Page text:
Beyond even Jobs’ vision for a completely singular headquarters, CEO Tim Cook has tired of traditional, “uninspiring” office spaces as well. Some will argue that the use of novelty and beauty to breed creativity is not a new concept, but Cook and company’s enormous flagship building is in a class all its own. Seamless is the tag word here, and abrupt transition the enemy. Cook with much inspiration drawn from his late predecessor has undertaken an office building that in some way seems more closely related to the next biosphere than to a giant technology firm. The plan is, in a word, breathtaking.
Floor to ceiling glass walls surrounded by 7000 transplanted trees gives the illusion of working within a well-stewarded forest. The rooftops boast enormous solar panels and there is even an area for stressed-out workers to engage in gardening.
The giant sphere is home to the world’s largest piece of curved glass and those lucky enough to visit find themselves hard-pressed to find a single visible seam in the building’s materials. An expansive, outdoor arena occupies the space between the buildings, here leadership plans to host concerts and conduct company meetings.
Apple’s One Infinite Loop
By Cupertino law, construction sites are mandated to use 75 percent of materials recycled from prior demolition; Apple claims to be reusing 90%. Steve Jobs grew up in Cupertino County. One Infinite Loop is the first building on the 176-acre campus that Jobs began for Apple employees. Throughout his fifty-one years, he expressed grief to those that knew him over the concrete farms of office buildings and parking structures that had gouged out much of the dense, green county where he had spent his adolescence. He has often described feeling a kinship for the rugged, natural beauty of northern California, and here on Apple’s campus, designers hope that one day soon we can watch as mature-transplanted flora begins to push back onto its native ground.
Tim Cook is a whole-hearted believer in the renewable energy movement. For the 2.8 million square feet of campus, Cook and company plan to use close to 100% renewable power sources including wind and solar. They’ve even made a new acquisition to their solar power portfolio to help with supply.
One would guess that the 13,000+ employees slated to work within the sphere’s chrome and glass walls are bound to have the eyes of the world upon them as the novel campus continues to unveil its wonders. Thus far it seems that the ingenuity of Apple’s new headquarters promises to be an unparalleled marvel and a kind of second home to the Apple community. Just one of the campus novelties was revealed by Cook in a recent interview when he announced an array of sensors and apps that are in place to automatically inform employees where they can find an open parking spot, guaranteeing that no one will be forced to waste even a moment finding a space! Surely there will be many more marvels to come as the groundbreaking date nears.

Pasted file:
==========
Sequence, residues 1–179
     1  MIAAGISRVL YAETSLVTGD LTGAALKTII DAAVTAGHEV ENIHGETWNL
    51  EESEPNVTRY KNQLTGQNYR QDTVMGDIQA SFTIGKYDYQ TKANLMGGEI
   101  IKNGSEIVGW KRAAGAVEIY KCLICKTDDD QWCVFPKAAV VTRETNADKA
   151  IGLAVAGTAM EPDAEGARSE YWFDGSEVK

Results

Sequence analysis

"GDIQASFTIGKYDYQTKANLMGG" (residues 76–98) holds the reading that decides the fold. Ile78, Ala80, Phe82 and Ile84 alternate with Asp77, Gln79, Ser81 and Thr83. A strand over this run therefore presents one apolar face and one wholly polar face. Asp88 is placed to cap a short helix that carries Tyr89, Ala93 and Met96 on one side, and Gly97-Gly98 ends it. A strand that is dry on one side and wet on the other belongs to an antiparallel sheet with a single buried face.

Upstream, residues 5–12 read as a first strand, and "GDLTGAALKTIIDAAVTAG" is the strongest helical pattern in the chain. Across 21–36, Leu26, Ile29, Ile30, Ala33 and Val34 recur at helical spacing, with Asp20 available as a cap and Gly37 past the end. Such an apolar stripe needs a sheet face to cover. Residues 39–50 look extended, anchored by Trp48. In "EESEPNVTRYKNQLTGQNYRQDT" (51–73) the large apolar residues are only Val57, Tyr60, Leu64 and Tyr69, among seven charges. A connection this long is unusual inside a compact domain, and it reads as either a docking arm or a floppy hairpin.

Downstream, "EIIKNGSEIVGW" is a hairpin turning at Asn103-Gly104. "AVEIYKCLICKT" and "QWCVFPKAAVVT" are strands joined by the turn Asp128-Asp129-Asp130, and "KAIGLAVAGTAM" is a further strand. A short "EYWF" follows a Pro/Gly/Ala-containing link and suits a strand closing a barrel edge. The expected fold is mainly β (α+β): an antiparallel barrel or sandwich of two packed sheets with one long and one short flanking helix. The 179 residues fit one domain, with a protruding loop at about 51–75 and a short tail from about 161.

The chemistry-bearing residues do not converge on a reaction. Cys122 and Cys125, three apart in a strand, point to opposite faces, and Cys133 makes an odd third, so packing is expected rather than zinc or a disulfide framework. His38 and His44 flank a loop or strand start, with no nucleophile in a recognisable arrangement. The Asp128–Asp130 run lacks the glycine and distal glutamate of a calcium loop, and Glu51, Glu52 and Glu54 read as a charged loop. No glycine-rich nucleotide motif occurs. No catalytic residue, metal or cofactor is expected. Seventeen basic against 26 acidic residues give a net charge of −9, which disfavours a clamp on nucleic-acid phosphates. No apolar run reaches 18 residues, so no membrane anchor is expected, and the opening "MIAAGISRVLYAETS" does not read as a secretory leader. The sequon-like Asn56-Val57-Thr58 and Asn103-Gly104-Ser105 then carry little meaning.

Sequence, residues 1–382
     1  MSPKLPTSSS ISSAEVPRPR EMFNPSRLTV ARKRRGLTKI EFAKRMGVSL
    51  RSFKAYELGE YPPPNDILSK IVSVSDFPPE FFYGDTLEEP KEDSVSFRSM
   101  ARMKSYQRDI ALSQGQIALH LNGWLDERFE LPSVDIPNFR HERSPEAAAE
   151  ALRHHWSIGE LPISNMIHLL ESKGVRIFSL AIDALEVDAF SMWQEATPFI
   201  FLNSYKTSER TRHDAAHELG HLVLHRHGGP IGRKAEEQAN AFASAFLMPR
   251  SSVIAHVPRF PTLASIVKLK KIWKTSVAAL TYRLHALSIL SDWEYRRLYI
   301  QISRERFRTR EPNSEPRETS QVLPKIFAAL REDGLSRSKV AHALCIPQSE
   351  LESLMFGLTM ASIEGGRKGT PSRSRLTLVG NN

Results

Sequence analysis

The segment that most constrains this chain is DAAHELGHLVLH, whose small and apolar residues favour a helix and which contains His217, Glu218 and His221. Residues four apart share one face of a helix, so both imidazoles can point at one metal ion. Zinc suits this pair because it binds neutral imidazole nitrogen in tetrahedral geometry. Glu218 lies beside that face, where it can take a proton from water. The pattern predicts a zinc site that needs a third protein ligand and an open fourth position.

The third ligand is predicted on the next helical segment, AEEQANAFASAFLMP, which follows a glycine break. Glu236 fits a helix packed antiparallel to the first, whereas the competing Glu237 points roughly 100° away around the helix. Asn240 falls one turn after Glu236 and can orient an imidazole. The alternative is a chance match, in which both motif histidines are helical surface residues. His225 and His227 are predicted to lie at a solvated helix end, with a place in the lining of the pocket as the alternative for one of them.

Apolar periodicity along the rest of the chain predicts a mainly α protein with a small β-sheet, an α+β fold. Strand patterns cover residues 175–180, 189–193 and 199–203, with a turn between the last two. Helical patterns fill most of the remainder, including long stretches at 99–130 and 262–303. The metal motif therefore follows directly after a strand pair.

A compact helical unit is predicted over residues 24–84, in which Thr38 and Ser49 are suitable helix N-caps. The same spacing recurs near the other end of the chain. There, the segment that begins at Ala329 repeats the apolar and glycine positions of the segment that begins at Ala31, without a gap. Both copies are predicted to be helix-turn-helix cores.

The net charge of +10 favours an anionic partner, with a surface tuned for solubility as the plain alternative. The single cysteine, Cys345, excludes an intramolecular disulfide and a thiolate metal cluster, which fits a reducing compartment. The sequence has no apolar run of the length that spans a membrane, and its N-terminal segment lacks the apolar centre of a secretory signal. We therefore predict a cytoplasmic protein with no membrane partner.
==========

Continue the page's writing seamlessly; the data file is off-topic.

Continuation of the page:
Apple vs Samsung
Much of Apple’s legal team has spent the past six years dealing with the ongoing case of Apple vs Samsung. What has become a landmark case in the United States has been teaching those that follow it about a distinct lack of solid precedent cases for design nuance. In 2016 after an appeal ruling by the Supreme Court the case has been once again been extended to the lower courts for a final ruling. Link for Samsung vs Apple
The Future of Apple
Recovering from a loss is tough, and here we have an entire company and millions of stockholders recovering as well. Still, Apple has built a name for itself as a fierce competitor and a company that has historically managed to get ahead of some of information technology’s biggest trends. Tim Cook, while not without his own critics, seems to have two things that the fragmented group may have been looking for, Vision and Compassion. Where Apple goes from her e is anyone’s guess, but many hope that the loss of Jobs will lead in some way to a renewed inspiration for greatness.